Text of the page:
- The Washington Times - Thursday, March 15, 2012

Record-breaking temperatures in the D.C. area on Thursday had residents flocking outdoors in high spirits ahead of a weekend with the promise of more summery weather.

At sun-drenched Marion Park on Capitol Hill, 32-year-old Noel Fritsch surveyed the busy playground as he sipped from a sweating cup of iced coffee.

“This is absolutely amazing,” Mr. Fritsch said. “It’s been a great spring. My wife and I opened the windows and enjoyed the fresh air.”

The mercury hit 82 degrees by midafternoon at Ronald Reagan Washington National Airport, said National Weather Service meteorologist Heather Sheffield, breaking the March 15 record high of 81 degrees set in 1990.

This time last year, residents were bundled against a brisk 51 degrees, but Ms. Sheffield said the weather service is predicting at least another week of 60- and 70-degree weather and a warmer than normal April.

“Everyone wants to eat outside,” said Alvin Ross, manager of Mr. Henry’s Restaurant along the 600 block of Pennsylvania Avenue Southeast.

“Usually, I take March to train all the new people about the patio. Now, I am working a lot of shifts.”

Mr. Henry’s boasts a patio that can fit up to 70 customers, and as the lunch hour neared on Thursday, the seats began to fill.

“They say we’ll see it through next week,” said Mr. Ross, 65. “It’s very unusual, but it’s been great.”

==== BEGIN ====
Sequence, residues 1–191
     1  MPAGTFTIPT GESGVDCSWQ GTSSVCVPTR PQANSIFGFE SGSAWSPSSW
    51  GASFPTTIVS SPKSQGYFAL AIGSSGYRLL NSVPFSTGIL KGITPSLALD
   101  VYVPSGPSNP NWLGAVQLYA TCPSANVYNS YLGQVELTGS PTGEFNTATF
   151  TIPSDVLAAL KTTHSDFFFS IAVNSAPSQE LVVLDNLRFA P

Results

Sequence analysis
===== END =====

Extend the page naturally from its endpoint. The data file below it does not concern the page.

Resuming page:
This year’s mild winter and early arrival of spring have been a welcome change for many, but the warm weather has caused at least one hiccup.

The National Park Service’s chief horticulturist Robert DeFeo announced this week that the peak bloom time for the cherry blossoms would occur one week earlier because of the warm weather.

The peak bloom period is now expected to start March 18 and the best time to see the blooms is predicted to be March 20 through 23, instead of the last week of March.

The peak bloom period now starts earlier than the “spring break” planned by Metro and its track workers. Because of the added ridership during the National Cherry Blossom Festival, the transportation system announced a partial work hiatus between March 24 and April 20. Officials have not announced plans to change the date.

“There’s just so many moving parts, there’s a lot of planning that goes into it,” said Metro spokeswoman Caroline Lukas. “Unfortunately, we’re kind of set.”



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